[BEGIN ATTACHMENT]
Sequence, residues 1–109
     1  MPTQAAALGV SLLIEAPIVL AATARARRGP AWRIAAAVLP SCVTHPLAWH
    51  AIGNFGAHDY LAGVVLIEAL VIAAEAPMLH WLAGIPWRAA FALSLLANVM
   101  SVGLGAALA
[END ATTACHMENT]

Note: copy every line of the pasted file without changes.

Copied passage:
Sequence, residues 1–109
     1  MPTQAAALGV SLLIEAPIVL AATARARRGP AWRIAAAVLP SCVTHPLAWH
    51  AIGNFGAHDY LAGVVLIEAL VIAAEAPMLH WLAGIPWRAA FALSLLANVM
   101  SVGLGAALA